Alexa-based program

On Monday, Amazon announced the rollout of two new programs which will integrate its Alexa-based program into hospitals and senior care. The latest programs, operating through Alexa Smart Properties, will assist healthcare workers to interact with patients without using protective devices.


“Early on in the pandemic, hospitals and senior living communities reached out to us and asked us to help them set up an Alexa-based program and voice in their communities,” Liron Torres, global leader for Alexa Smart Properties, was quoted as stating in an interview.


Alexa-Based Program Will Help Hospitals to Use Amazon Echo Devices


Furthermore, the Amazon Alexa-based program will enable hospitals and senior care facilities to employ Amazon Echo devices to send announcements or other notices to residents’ rooms. The Alexa-based program allows them to send messages immediately into patient rooms as well as place calls to family members or friends without having to depend on a staff member.


Senior Cara Facilities are Integrating the Amazon Program


“Staff can be more available for other tasks,” Torres stated. Two networks of senior care communities, Atria (which is nationwide) and Eskaton (based in California), are integrating the Alexa-based program into some facilities, Amazon stated. However, Amazon has refused to say how much the program costs those facilities.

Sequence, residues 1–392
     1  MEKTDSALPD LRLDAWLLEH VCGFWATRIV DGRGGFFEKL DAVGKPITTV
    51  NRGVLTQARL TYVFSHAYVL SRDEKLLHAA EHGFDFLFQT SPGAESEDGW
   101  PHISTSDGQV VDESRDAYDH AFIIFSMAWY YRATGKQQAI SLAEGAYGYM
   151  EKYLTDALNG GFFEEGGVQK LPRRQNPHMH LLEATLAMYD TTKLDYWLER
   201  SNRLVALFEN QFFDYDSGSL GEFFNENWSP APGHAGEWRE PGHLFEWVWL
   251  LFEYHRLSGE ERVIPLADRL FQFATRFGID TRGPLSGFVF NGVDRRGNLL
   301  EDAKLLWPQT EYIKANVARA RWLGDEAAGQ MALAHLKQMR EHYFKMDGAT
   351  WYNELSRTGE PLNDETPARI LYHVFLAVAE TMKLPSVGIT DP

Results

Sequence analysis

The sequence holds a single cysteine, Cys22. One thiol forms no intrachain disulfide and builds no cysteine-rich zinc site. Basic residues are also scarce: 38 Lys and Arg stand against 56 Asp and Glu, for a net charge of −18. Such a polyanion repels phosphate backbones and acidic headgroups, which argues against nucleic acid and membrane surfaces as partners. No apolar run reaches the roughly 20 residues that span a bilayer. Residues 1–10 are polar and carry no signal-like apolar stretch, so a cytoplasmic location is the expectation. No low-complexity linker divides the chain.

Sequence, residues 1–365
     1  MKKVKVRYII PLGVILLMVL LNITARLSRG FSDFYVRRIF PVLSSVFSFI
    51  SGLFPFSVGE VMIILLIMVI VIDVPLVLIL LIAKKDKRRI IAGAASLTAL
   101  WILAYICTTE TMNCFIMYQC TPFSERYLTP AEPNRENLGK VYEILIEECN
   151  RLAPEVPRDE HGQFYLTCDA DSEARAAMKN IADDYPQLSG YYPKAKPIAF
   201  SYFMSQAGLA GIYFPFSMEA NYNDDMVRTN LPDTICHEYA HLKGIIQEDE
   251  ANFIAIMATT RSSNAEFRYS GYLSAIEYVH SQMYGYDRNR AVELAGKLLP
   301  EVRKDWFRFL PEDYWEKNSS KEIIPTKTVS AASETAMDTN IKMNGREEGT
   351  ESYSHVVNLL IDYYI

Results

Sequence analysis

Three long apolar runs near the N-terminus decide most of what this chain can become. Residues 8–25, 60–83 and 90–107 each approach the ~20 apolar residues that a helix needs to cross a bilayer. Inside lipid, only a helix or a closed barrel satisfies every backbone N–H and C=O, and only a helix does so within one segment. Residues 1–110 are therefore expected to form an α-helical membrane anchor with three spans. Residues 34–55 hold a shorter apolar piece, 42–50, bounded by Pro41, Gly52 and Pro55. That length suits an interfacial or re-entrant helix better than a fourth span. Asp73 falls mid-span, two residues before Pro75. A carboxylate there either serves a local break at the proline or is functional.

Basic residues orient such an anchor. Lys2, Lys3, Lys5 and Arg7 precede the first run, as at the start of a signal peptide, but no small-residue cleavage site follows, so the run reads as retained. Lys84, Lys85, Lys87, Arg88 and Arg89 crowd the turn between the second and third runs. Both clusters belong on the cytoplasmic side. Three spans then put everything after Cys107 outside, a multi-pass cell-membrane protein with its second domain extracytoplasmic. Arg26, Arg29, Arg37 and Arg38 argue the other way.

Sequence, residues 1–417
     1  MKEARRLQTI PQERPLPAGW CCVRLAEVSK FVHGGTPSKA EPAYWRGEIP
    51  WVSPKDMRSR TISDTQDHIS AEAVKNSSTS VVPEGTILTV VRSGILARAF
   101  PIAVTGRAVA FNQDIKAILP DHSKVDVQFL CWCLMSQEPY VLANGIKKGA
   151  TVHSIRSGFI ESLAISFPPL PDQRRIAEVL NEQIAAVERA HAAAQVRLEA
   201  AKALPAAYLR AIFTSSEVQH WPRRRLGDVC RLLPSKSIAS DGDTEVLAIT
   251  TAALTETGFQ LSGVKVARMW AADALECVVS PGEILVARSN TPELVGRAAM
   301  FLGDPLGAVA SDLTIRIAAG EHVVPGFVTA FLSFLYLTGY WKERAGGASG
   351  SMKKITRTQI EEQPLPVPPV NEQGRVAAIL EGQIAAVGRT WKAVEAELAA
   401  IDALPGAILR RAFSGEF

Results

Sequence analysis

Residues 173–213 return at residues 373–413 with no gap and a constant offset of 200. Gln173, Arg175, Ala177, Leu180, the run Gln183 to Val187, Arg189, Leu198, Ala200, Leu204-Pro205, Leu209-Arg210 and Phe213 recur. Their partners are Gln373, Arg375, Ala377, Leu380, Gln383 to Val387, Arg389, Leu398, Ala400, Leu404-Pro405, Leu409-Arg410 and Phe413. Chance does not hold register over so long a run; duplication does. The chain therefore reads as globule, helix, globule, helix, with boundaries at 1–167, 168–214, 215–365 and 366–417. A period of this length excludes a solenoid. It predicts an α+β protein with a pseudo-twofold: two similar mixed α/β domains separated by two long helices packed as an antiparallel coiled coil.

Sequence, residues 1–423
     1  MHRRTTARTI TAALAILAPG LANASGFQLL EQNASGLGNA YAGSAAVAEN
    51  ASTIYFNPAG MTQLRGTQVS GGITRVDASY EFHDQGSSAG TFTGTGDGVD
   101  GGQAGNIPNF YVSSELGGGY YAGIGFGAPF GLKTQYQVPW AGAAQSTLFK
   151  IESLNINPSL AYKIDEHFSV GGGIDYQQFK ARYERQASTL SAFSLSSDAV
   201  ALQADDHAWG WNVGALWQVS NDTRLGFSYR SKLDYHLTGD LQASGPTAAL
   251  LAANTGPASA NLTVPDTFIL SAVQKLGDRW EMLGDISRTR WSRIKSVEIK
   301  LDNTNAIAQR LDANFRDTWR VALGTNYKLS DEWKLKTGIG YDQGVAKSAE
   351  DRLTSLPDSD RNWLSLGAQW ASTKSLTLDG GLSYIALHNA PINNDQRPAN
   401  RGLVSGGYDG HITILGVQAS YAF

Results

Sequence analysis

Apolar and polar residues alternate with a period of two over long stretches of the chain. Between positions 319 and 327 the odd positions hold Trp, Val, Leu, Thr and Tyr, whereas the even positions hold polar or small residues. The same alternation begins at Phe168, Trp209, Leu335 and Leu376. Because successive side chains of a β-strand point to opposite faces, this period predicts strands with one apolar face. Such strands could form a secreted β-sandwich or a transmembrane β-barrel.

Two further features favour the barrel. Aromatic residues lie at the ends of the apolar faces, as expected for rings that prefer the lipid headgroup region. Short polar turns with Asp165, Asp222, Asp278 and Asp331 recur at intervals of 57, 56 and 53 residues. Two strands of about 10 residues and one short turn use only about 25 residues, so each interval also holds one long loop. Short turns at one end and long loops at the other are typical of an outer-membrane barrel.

Read more: Amazon’s Under Development Smart Fridge to Track what’s Inside

In hospitals, the Alexa Smart Properties program allows nurses to interact with patients through the calling and intercom-Esque drop-in features without having to enter patient rooms. Patients could ask questions, or nurses could check on how someone is feeling through the feature, the report said.


Hospitals and Senior Care Centers Can Increase their Productivity


“This enables hospitals to increase productivity and be able to save on medical supplies,” Torres said. Hospitals can also send data and announcements to patients through Alexa. Patients can toggle on “do not disturb” to prevent drop-ins, she further stated.


Source: TechCrunch


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